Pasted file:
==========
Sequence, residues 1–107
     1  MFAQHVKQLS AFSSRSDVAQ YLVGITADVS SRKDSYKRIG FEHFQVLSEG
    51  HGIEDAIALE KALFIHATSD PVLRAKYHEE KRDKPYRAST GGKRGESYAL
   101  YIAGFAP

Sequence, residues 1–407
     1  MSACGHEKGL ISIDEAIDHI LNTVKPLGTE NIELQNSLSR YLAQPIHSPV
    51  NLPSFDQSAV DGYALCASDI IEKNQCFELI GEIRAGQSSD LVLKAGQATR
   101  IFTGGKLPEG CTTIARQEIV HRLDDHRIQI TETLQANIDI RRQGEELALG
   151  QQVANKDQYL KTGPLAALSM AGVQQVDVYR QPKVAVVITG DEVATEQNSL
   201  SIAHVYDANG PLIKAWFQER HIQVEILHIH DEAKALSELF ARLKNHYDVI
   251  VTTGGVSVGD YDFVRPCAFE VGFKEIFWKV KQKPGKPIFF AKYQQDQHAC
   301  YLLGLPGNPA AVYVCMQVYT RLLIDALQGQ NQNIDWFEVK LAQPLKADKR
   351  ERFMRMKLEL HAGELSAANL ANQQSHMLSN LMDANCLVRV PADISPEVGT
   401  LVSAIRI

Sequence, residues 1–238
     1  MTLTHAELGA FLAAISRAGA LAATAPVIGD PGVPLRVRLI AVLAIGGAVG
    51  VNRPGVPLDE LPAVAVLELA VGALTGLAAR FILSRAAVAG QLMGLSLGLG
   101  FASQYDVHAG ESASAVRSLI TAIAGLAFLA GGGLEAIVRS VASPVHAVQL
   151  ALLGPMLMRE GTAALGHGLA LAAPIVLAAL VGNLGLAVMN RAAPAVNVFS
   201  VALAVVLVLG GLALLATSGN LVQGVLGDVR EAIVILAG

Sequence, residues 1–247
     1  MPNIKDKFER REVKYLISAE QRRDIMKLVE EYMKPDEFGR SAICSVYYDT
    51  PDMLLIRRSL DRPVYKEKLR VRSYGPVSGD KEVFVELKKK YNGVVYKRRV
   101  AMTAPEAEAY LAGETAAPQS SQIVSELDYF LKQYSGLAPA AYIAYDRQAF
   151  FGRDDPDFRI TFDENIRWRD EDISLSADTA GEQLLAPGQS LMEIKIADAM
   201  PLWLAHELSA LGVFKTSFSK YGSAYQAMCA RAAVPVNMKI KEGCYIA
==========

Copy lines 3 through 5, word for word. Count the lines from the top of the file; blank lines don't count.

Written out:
    51  HGIEDAIALE KALFIHATSD PVLRAKYHEE KRDKPYRAST GGKRGESYAL
   101  YIAGFAP

Sequence, residues 1–407